Aragorn, Legolas and Gimli then helped the people of Rohan in the Battle of the Hornburg, in which they conclusively defeated Saruman's army. In order to distract Sauron's attention from Frodo, who had gone into Mordor, Aragorn used a palantír and revealed himself as the heir of Isildur to Sauron. Sauron probably believed that the One Ring had come into Aragorn's hands; therefore he made his assault on Minas Tirith prematurely and without adequate preparation.

In order to defend the city, Aragorn entered the Paths of the Dead, and summoned the Dead Men of Dunharrow who owed allegiance to the king of Gondor. It had been prophesied by Isildur and Malbeth the Seer that the Dead would be summoned once more to pay their debt for betraying Gondor millennia before. With their aid the Corsairs of Umbar were defeated. Aragorn, a small force of Rangers, and a large contingent of men and soldiers from the southern regions then sailed up the Anduin to Minas Tirith. When they arrived at the Battle of the Pelennor Fields, Aragorn unfurled a standard that Arwen had made for him which showed both the White Tree of Gondor along with the jewelled crown and seven stars of the House of Elendil. With the help of the southern forces the armies of Gondor and Rohan rallied and defeated Sauron's army.

The restoration of the line of Elendil to the throne of Gondor is a subplot of The Lord of the Rings; Aragorn's adventures not only aid Frodo in his Quest, but also bring him closer to his own kingship — which, though his by right and lineage, has been left open for centuries due to historical, legal, and military circumstances. The people of Gondor have been under the rule of the Stewards of Gondor for centuries, as it was widely doubted that any of the royal line still lived. Shortly after Isildur's departure, Meneldil, son of Anárion, had severed Gondor from Arnor politically, although the formal title of High King remained with the northern line (as Isildur was Elendil's eldest son). This arrangement had been reinforced by the Steward Pelendur in nearly 2,000 years before when he rejected Arvedui's claim to the Throne of Gondor during a Gondorian succession crisis (Eärnil, a member of the House of Anárion, was eventually chosen as King instead). It is worth noting, however, that Arvedui had also based his claim on the fact that he had married a descendant of Anárion: thus, Aragorn was technically a descendant of not only Elendil and Isildur but of Anárion as well).

In Return of the King, the Steward Denethor declared that he would not bow to a descendant of Isildur (years before, he had seen "Thorongil" as a rival to his father's favour). Aragorn healed Faramir, Denethor's heir, who had been expected to die; this won him the immediate recognition of Faramir as the rightful heir to the throne, and his humility and self sacrifice gained him the hearts of the inhabitants of Gondor's capital city (Aragorn's healing abilities, moreover, were a sign to the people of Gondor of the identity of their true king; as Ioreth said, "The hands of the King are the hands of a healer, and so shall the rightful king be known"). The people hailed him as King that same evening.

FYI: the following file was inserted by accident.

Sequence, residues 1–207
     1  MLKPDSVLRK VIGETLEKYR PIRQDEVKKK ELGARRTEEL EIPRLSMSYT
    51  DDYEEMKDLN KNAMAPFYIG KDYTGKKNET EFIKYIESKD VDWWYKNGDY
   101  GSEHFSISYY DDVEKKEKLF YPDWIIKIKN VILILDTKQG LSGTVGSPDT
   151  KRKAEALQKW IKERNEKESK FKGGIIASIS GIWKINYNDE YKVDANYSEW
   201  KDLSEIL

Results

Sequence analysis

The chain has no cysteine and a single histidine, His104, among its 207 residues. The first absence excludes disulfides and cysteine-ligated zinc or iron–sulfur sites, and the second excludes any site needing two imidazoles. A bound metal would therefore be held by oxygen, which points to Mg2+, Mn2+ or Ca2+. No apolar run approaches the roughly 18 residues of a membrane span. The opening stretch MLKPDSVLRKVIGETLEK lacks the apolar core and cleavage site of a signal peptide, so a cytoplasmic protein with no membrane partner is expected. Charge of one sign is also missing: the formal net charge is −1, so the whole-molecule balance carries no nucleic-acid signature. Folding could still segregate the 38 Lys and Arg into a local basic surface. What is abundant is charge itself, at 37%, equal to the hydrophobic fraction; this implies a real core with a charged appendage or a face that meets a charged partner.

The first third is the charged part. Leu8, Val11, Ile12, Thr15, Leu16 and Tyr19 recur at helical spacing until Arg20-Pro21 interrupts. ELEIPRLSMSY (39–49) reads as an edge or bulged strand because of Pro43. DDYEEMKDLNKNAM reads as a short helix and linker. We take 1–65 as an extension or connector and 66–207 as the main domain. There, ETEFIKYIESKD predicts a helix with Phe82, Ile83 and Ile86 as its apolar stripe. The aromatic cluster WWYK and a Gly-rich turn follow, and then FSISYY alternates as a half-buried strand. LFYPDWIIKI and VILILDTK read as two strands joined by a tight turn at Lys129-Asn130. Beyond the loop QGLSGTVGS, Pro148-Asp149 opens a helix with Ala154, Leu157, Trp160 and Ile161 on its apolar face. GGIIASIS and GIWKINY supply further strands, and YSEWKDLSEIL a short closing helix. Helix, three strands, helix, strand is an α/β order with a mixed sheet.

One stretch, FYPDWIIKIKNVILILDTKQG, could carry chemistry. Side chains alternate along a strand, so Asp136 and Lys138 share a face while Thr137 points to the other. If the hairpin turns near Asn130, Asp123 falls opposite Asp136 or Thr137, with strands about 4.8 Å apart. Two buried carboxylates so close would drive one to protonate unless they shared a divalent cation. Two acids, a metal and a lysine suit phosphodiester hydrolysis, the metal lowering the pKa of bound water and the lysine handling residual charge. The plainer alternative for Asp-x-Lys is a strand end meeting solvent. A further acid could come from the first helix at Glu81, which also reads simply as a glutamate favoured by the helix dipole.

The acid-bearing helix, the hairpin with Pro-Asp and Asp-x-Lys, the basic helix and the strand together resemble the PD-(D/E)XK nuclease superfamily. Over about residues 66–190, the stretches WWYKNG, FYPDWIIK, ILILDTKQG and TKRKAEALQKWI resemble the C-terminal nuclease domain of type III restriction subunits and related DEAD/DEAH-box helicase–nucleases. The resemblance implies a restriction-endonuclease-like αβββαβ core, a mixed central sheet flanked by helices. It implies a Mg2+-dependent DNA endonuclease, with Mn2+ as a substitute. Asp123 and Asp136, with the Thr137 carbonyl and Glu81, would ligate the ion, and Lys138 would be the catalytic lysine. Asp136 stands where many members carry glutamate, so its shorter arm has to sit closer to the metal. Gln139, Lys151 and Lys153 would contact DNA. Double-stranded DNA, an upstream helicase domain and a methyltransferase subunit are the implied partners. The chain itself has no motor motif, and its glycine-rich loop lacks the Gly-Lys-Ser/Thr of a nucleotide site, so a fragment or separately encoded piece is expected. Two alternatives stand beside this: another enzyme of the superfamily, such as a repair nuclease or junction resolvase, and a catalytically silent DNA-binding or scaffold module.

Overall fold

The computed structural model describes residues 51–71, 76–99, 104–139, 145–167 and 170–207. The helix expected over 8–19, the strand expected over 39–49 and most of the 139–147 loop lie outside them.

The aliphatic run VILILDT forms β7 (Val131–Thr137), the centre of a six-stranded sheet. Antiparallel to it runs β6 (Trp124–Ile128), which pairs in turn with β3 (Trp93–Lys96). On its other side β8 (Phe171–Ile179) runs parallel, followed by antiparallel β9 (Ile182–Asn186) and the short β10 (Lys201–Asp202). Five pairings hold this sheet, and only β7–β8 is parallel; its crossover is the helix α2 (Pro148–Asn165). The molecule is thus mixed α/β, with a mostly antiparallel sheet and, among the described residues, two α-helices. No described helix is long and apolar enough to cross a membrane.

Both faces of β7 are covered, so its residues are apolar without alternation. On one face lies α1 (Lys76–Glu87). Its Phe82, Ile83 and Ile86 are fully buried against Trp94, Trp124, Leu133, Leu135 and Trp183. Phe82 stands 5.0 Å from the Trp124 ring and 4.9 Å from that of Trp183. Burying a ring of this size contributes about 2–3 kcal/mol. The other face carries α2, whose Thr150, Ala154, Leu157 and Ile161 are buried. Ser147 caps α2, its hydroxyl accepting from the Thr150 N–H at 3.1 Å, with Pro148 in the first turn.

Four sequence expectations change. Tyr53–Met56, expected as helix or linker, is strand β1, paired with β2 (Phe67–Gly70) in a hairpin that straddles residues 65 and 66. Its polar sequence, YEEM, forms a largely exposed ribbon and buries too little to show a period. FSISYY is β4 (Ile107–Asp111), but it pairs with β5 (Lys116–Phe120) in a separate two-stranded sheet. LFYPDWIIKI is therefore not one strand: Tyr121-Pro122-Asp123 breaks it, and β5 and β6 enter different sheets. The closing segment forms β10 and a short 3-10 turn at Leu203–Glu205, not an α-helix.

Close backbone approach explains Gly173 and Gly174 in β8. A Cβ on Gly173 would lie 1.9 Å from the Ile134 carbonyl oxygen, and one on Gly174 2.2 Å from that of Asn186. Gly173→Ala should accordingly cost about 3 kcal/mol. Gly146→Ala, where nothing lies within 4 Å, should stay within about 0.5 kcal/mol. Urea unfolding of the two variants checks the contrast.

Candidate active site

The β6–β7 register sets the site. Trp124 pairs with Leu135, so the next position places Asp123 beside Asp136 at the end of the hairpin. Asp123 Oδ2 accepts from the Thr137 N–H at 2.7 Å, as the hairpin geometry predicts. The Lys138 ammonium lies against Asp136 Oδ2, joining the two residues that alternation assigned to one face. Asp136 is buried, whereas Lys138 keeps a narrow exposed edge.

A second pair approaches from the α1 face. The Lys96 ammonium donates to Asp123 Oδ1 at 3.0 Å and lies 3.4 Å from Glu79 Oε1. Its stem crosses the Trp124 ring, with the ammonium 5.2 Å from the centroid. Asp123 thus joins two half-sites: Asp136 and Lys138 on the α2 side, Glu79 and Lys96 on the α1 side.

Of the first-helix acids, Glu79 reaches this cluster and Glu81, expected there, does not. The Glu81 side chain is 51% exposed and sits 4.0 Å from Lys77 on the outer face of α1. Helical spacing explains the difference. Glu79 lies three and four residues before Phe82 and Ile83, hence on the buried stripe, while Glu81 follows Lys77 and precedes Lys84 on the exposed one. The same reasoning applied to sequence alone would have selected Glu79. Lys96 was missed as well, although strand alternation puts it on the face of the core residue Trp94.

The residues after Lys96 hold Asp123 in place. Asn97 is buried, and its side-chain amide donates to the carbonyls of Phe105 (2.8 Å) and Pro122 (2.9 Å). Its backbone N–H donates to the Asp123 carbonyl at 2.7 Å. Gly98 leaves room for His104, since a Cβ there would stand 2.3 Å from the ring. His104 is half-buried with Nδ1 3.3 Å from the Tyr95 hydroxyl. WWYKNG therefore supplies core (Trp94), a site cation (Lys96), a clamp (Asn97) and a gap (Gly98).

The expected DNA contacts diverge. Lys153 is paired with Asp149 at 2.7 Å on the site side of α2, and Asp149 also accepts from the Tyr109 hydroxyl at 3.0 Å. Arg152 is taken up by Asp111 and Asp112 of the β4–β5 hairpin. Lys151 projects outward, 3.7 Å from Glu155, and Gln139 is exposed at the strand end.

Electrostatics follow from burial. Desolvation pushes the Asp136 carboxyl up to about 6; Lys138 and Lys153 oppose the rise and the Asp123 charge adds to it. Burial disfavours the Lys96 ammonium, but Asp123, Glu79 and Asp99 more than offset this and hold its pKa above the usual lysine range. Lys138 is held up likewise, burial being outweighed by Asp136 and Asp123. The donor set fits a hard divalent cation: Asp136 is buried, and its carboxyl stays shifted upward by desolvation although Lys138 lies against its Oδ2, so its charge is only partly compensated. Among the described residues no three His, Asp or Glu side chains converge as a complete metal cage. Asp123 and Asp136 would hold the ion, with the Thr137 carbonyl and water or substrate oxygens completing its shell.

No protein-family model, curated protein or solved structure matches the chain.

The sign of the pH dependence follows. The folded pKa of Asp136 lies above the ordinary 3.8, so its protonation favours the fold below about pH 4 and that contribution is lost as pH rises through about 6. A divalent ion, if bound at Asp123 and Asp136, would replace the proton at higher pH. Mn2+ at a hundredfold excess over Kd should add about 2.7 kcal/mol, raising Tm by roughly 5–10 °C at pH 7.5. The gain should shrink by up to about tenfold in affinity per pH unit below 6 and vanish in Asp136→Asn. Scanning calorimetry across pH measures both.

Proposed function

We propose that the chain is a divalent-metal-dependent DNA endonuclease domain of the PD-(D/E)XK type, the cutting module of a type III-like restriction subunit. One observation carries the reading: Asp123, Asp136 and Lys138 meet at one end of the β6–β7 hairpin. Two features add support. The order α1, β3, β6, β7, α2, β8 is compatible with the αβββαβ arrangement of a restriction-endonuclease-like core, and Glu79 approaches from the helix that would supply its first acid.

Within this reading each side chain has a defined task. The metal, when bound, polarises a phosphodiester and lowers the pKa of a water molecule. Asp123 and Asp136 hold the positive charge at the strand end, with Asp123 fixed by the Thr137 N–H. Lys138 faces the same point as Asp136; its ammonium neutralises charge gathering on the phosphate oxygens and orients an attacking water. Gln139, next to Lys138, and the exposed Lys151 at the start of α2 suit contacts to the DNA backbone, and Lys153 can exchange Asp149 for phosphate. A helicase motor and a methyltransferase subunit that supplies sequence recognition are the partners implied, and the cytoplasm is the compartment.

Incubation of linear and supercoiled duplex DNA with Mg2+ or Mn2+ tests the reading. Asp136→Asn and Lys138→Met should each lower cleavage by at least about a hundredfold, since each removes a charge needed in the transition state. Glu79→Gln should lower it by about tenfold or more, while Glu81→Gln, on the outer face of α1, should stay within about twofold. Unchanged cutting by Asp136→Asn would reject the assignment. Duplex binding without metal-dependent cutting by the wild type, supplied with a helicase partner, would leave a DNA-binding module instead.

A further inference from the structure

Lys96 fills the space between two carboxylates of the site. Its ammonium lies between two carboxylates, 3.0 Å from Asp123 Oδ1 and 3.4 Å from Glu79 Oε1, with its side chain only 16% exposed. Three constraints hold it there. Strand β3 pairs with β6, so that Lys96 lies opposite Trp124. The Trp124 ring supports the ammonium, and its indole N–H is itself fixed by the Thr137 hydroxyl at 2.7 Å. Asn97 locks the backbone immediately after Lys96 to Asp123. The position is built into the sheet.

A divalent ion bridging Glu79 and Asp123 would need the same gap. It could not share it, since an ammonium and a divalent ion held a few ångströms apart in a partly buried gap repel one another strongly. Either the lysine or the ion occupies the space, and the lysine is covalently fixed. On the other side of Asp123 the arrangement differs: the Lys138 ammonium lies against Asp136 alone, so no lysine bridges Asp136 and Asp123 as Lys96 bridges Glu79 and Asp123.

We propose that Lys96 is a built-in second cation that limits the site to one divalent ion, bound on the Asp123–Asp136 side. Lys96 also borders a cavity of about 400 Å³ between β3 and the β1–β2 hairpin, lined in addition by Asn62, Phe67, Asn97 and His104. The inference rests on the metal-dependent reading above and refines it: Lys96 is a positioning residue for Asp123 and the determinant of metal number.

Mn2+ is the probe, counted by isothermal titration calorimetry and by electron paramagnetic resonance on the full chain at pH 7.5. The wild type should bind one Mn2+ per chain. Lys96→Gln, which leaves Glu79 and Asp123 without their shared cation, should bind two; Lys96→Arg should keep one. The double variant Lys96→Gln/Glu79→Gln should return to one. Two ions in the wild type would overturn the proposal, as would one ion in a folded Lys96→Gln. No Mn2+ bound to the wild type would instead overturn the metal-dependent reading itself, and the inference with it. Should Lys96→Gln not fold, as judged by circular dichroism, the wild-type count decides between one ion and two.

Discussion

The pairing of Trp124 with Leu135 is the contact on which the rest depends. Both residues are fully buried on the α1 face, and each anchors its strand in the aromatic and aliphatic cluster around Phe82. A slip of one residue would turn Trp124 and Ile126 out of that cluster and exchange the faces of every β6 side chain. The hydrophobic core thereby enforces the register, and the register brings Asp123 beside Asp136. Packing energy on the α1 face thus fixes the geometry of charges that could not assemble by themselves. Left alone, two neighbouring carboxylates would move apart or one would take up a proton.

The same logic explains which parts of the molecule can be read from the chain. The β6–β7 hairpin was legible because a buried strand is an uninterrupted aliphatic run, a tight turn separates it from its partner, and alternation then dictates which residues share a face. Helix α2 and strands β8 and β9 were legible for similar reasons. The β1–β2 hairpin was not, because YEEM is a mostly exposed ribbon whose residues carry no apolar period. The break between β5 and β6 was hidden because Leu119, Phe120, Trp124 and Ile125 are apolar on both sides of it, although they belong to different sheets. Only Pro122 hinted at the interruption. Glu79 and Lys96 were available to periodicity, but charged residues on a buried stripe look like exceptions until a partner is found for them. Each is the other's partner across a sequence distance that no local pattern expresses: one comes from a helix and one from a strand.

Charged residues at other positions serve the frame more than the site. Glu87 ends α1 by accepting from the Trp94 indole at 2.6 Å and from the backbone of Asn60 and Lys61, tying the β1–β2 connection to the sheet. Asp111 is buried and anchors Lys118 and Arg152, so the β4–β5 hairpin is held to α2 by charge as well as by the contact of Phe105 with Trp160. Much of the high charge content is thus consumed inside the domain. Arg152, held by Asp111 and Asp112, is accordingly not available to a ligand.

Despite his immediate success and popularity, however, and despite his claim to the throne through raising the royal banner, Aragorn decided to lay aside his claim for the time being. He knew that if he aggressively promoted his claim, rival claimants or debates as to his legitimacy were not out of the question, and this could be a fatal distraction for Gondor at a time when the West needed to be united against Sauron. So, to avoid conflict, after he had healed people during the night of March 15/16, he left Minas Tirith and symbolically refused to enter it again until he was crowned King on May first.

File:Blackgate.jpg


In order to ensure safe passage across Mordor for Frodo to fulfil his quest, Aragorn then led the Army of the West out from Minas Tirith to make a diversionary feint on the Black Gate of Mordor itself in the Battle of the Morannon. Gandalf had been given supreme command of the war effort after the Pelennor Fields, and acted as chief spokesman in the parley with the Mouth of Sauron; but Aragorn commanded the Allied troops during the battle and its aftermath.

Upon Sauron's defeat, Aragorn was crowned as King Elessar (translated as Elfstone in Tolkien's invented language of Quenya), a name given to him by Galadriel. (In Sindarin, another of Tolkien's languages, this becomes Edhelharn.) He became the twenty-sixth King of Arnor, thirty-fifth King of Gondor and the first High King of the Reunited Kingdom, though it would be several years before his authority was firmly reestablished in Arnor. His line was referred to as the House of Telcontar (Telcontar being Quenya for "Strider"). Aragorn married Arwen shortly afterwards, and ruled the Kingdom of Gondor and Arnor until 120 of the Fourth Age. His reign was marked by great harmony and prosperity within Gondor and Arnor, and by a great renewal of cooperation and communication between Men, Elves, and Dwarves, fostered by his vigorous rebuilding campaign following the war. Aragorn led the forces of the Reunited Kingdom on military campaigns against some Easterlings and Haradrim, re-establishing rule over much territory that Gondor had lost in previous centuries. He died at the age of 210, after 120 years as king. He was succeeded on the throne by his son, Eldarion. Arwen, gravely saddened by the loss of her husband, gave up her now mortal life shortly afterwards. Arwen and Aragorn also had at least two unnamed daughters.

Aragorn in Video GamesEdit

Aragorn was a playable character in various Middle-earth games, particularly from EA. In the game adaptions of The Two Towers and The Return of the King, he uses a sword for melee attacks and a bow for ranged attacks. He is also confirmed to appear in an upcoming game The Lord of the Rings Conquest.

In Battle for Middle-earth series, Aragorn is one of the playable heroes in the Men of the West faction. His powers include Athelas, Leadership, Elendil, Blademaster and Oathbreakers.